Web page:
Fact or Fiction: Current NYC Theatre Quiz
New York City relishes its avant-garde role in theatrical arts, with a variety of experimental productions that redefine and challenge conventional dramatic structure. How far can it go? To take our quiz, read the following summaries of reviews from 2014 and decide which performance is fact and which is fiction.
- Subway Scenes. The NY Transit Museum in Brooklyn Heights is inviting commuting artists and artistic commuters “to propose and show work inspired by the city’s subways and buses.” The series intends to disrupt and question the traditional audience/performer separation, while also exploring the role appearance and imagination play in commuters’ minds as they observe those around them. For example, the dance routine, “Party To-Go” included two dancers in maintenance-man coveralls, prancing on and around a subway bench.
- Taxi-Cab Theatre. The play “Take Me Home” originates in an operational NYC taxi cab, for a maximum audience of just three people – all in the back seat during a choreographed drive around Manhattan. During the play, the driver/actor navigates the cab, weaving in stories while rehearsed action occurs on the streets and sidewalks. According to one reviewer, “The story that unfolds…has you on full alert…[as you] scan the passing landscape for fragments of street life placed there for your benefit.”
- Watery World. To raise environmental awareness of the shrinking polar ice cap, theatre students from NYU’s Tisch School of the Arts recently staged the U.S. premiere of “Earth okkar er að drukkna” (“Our Earth is Drowning”). This Icelandic drama was performed as conceived, completely underwater by three performers in full scuba gear, utilizing the New York Aquarium’s Sea Cliffs exhibit and audience amphitheater. “Framed by the exhibit’s rocky coastline as a de facto proscenium stage, the seals, walruses and even the normally playful otters seemed unnaturally somber during the play’s climax,” wrote one reviewer.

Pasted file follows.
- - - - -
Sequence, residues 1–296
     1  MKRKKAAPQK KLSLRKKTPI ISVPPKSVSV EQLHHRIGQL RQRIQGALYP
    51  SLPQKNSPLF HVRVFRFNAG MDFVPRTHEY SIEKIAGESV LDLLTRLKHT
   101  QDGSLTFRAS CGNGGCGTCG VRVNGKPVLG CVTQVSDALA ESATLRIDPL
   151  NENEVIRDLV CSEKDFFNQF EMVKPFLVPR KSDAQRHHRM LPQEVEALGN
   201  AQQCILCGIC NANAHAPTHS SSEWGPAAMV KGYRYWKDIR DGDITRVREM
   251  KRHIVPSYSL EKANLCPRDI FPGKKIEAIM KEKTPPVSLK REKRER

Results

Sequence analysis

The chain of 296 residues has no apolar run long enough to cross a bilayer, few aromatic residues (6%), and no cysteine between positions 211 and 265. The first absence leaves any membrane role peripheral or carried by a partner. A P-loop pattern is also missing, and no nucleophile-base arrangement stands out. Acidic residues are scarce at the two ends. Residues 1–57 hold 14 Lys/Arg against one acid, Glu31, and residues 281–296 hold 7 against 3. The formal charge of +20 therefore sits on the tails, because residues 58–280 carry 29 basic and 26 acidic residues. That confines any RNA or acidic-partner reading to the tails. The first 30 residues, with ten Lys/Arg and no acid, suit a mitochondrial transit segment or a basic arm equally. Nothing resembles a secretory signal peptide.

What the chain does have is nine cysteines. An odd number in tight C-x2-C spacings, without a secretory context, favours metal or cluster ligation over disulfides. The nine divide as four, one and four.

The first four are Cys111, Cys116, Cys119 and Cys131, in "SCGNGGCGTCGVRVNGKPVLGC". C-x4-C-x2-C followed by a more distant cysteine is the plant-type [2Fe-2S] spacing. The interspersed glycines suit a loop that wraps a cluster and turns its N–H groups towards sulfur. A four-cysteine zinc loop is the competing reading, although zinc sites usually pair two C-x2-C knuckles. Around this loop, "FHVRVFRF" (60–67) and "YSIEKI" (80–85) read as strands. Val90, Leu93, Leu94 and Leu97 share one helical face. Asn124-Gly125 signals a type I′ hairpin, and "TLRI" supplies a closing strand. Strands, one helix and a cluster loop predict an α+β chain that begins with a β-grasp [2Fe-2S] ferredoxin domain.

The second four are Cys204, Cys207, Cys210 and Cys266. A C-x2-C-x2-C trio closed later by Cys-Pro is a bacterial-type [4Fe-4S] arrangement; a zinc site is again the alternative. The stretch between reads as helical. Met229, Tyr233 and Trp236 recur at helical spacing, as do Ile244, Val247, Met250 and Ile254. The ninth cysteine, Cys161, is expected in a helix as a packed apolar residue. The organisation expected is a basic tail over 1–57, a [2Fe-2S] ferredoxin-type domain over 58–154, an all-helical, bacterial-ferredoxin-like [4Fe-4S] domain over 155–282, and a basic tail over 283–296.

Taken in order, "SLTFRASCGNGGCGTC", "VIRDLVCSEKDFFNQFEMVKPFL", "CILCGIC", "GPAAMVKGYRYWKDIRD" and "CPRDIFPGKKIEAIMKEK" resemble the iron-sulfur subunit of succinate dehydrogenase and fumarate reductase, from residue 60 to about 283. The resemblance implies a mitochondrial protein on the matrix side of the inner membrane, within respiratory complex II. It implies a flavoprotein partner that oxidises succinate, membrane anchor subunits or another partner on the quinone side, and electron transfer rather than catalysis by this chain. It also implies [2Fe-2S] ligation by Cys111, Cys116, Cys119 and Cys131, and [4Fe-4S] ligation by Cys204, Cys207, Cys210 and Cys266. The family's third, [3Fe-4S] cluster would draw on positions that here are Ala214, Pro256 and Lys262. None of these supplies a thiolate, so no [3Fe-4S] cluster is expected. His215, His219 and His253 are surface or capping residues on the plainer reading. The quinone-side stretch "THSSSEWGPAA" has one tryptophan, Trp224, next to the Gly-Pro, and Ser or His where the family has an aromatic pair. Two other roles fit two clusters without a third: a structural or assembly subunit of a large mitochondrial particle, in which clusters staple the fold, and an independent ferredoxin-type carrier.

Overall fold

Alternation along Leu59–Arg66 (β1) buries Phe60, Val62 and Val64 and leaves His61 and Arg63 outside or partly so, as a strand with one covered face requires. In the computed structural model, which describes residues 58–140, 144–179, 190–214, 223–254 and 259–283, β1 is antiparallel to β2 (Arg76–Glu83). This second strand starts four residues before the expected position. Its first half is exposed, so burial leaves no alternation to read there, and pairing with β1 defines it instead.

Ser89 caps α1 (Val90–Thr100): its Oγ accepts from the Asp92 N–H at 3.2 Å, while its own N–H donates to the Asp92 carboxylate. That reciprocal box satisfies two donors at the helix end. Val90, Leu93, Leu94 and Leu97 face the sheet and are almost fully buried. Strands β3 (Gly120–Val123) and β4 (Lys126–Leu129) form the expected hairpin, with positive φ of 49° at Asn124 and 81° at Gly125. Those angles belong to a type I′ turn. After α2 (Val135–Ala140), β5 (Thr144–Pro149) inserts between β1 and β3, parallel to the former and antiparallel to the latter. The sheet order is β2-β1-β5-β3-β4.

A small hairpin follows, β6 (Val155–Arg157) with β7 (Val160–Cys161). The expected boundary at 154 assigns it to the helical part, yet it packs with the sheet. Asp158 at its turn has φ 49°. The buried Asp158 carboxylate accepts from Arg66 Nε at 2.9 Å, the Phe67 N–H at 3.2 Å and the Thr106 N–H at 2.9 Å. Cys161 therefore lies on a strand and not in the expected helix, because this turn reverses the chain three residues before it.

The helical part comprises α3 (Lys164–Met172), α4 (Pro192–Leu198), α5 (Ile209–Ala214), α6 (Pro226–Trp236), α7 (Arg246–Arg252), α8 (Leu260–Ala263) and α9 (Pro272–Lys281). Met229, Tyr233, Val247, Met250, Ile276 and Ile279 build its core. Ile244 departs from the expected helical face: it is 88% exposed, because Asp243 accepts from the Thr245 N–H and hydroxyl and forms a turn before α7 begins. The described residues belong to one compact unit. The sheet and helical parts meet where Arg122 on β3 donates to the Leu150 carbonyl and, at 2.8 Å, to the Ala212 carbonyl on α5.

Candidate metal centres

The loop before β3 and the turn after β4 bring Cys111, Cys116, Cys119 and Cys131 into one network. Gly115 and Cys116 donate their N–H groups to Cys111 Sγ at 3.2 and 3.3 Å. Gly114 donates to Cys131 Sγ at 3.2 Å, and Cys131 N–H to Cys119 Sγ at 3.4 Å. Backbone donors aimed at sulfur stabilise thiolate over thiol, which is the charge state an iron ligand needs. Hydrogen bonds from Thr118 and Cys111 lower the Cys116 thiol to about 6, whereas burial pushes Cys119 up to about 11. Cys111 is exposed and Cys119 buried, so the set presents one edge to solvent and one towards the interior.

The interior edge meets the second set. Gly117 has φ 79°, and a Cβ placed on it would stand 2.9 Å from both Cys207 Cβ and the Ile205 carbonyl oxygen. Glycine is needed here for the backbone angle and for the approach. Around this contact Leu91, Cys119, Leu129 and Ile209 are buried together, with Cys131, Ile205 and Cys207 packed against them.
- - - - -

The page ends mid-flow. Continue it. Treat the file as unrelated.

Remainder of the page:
- Dream Lover. “Dream of the Red Chamber: A Performance for a Sleeping Audience” opened recently in Times Square. Audience members are encouraged to sleep/nap/doze on portable cots during overnight performances lasting from 11 to 13 hours. While they are napping, “cast members in elaborate costumes act out scenes and gesture repetitively as their images are projected onto screens surrounding the space.” Set design includes dim lights and constant, droning music, with the spectacle “intended to permeate the visitor’s subconscious.”
Your answer? Readers of our blog will recall the taxi-cab performance (2) from our March 4 article. (3) is fiction – at least for now – and the rest are fact.